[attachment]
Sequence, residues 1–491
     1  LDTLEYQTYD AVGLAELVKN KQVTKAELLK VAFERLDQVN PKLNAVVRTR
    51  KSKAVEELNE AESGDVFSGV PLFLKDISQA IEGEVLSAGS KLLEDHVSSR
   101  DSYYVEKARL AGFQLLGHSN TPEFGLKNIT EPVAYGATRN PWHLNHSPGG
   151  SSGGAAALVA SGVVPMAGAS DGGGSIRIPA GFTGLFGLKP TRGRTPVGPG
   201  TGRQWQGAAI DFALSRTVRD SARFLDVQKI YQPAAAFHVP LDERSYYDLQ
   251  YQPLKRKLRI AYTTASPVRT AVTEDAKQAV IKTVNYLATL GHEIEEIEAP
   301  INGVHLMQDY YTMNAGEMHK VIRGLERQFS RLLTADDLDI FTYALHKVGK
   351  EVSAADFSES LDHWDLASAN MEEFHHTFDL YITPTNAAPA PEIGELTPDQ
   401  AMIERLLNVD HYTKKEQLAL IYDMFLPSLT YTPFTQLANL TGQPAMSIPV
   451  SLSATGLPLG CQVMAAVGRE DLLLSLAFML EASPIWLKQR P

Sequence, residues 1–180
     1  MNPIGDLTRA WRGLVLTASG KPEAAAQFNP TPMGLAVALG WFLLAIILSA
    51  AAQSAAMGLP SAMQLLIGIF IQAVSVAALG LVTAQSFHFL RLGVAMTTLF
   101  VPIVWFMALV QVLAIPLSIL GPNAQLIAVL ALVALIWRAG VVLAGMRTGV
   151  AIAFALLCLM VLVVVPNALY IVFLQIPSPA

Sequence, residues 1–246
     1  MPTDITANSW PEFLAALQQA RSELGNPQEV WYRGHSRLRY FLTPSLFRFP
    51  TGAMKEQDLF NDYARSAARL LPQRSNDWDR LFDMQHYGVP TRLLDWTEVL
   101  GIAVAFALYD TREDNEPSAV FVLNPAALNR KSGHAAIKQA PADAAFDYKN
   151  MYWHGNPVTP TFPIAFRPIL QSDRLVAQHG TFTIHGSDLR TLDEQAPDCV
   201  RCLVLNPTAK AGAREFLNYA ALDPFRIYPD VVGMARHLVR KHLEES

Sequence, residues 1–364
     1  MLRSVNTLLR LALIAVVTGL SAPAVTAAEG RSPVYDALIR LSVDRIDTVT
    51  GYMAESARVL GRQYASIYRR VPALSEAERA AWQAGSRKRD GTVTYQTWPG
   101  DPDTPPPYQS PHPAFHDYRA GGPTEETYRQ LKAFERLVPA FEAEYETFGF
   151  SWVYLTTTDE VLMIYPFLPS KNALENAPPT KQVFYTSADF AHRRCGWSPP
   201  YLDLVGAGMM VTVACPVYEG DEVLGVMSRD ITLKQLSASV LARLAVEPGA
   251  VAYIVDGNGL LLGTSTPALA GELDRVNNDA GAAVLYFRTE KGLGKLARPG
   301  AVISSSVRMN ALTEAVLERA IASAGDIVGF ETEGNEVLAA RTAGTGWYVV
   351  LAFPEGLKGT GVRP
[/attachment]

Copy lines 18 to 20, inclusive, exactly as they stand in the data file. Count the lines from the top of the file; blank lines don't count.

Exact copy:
     1  MPTDITANSW PEFLAALQQA RSELGNPQEV WYRGHSRLRY FLTPSLFRFP
    51  TGAMKEQDLF NDYARSAARL LPQRSNDWDR LFDMQHYGVP TRLLDWTEVL
   101  GIAVAFALYD TREDNEPSAV FVLNPAALNR KSGHAAIKQA PADAAFDYKN